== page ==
1001 Video GamesHalf-Life appears in the book 1001 Video Games You Must Play Before You Die by General Editor Tony Mott.
AdvertisementVery early beta footage of the game, as well as interviews with some of the programmers, is available on the Diablo expansion pack Hellfire, released by Sierra a full year before the game ever shipped. Sierra already had advertisements for Half-Life in many of their products back then.
- Half-Life, at one point, was completely finished for the Dreamcast console. Prima (the Official Strategy Guide folks) even had a Dreamcast-exclusive guide published. Unfortunately, the game wasn't published - probably due to the fact that SEGA announced that they would no longer produce new Dreamcasts. In certain circles of the Internet, a leaked copy can still be found and ran on a Dreamcast.
- A Macintosh port was in the works from Westlake interactive and reached beta before being cancelled because of concerns about responsibility for tech support.
DevelopmentIn its first finalized form, as it would have been published if the original release date was kept, Half-Life was nothing more than a total conversion of Quake with new enemies and levels. In the one additional year spent on development the game transformed into the form that led it to critical and commercial success.
EngineHalf-Life was released a full year after Quake II and it's a common belief that it was based on the Quake II engine. This is not true. It is based on the original Quake engine and it's more than fair to say that it was modified beyond recognition by the Valve team. Amongst the additions were built-in 3D accelerator support, skeletal systems and shadow casting (the latter didn't make it into the game). Valve now refers to this engine as "GoldSrc". This is probably how the "Source" engine from Half-Life 2 got its name.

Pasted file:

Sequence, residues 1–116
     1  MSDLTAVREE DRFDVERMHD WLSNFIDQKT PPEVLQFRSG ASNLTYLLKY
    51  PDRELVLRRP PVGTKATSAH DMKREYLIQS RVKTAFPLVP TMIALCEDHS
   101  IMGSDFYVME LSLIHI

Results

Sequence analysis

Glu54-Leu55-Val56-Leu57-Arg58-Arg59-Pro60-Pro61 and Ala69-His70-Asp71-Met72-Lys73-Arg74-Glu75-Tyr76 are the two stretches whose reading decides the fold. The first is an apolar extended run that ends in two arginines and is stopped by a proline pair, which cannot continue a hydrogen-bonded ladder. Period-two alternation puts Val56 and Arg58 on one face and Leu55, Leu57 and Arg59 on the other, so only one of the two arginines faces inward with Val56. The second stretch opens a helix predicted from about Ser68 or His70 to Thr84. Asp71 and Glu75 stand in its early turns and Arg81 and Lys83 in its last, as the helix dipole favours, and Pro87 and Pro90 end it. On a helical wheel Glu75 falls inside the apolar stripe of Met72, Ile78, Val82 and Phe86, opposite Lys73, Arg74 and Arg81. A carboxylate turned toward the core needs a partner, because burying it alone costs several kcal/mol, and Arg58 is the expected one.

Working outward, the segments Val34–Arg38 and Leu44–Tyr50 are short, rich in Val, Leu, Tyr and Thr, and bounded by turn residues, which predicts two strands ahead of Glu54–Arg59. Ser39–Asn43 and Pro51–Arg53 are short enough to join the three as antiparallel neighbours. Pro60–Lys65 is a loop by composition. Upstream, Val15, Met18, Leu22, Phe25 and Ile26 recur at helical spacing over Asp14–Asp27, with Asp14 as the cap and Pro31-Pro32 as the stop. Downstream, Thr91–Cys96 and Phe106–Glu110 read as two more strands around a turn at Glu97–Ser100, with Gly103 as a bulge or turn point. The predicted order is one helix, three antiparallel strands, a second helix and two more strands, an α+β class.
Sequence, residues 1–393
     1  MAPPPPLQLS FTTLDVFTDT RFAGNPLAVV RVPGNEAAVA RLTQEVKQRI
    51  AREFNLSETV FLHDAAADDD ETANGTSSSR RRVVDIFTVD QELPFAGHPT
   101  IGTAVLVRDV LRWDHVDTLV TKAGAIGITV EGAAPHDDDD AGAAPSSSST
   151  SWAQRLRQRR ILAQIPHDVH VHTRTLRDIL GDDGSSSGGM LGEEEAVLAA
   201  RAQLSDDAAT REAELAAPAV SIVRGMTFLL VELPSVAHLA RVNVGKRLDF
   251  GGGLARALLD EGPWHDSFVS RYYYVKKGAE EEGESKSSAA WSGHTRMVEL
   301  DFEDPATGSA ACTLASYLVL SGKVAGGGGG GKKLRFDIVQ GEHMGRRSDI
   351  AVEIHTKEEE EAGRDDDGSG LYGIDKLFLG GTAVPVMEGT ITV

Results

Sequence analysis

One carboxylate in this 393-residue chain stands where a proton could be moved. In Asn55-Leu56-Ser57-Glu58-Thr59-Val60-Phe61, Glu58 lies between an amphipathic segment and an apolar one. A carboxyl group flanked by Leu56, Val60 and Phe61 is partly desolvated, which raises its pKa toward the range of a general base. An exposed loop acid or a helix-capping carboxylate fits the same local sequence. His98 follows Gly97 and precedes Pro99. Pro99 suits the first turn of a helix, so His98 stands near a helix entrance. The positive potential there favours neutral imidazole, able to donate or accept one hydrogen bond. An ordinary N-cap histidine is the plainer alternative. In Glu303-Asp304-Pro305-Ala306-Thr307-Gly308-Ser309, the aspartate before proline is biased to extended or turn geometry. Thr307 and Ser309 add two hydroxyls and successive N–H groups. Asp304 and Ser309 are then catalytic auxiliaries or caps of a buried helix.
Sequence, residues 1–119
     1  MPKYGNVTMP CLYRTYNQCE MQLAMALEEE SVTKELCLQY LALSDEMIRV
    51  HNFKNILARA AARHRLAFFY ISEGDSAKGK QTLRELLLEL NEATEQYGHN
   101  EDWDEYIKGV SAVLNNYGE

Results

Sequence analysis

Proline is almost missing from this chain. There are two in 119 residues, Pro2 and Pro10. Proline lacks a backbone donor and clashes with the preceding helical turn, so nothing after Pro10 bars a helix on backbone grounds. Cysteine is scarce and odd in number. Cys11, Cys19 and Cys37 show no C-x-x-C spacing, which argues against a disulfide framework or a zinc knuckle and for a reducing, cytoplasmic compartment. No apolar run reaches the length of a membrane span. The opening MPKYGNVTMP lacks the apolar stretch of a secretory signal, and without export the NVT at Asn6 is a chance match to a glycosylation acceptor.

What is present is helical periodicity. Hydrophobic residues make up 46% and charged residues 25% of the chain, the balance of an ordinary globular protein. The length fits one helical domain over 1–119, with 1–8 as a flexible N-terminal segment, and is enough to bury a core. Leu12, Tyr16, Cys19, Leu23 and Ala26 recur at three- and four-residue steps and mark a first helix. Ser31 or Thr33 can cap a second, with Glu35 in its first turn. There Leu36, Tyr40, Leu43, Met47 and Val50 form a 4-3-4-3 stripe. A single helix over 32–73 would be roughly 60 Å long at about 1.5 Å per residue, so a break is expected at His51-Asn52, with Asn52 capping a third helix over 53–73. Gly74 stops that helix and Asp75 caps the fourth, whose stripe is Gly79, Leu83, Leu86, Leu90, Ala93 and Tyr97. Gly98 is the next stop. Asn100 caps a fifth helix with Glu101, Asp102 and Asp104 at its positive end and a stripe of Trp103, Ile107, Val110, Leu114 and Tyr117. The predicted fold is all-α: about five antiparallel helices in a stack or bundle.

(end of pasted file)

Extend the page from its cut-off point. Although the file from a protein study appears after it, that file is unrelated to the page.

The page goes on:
German versionThere is a special German version which features robots as enemies, green blood instead of red and innocent people cannot be killed any longer. The robot design was outlined by Sierra's Germany division, then sent to Valve in Seattle, where the artists created and implemented the tin soldiers. The changes in the game's code and art, together with the text and speech localization, served to delay the German version by full four months. By then, even casual gamers had already purchased the original version, which was freely for sale up to its ban. However, Half-Life proved to be so immensely popular that the German robo-version still sold over 50,000 copies, so the venture was ultimately successful for Sierra.
On December 16, 1998, the US version of Half-Life was put on the infamous German index by the BPjS. For more information about what this means and to see a list of games sharing the same fate, take a look here: BPjS/BPjM indexed games.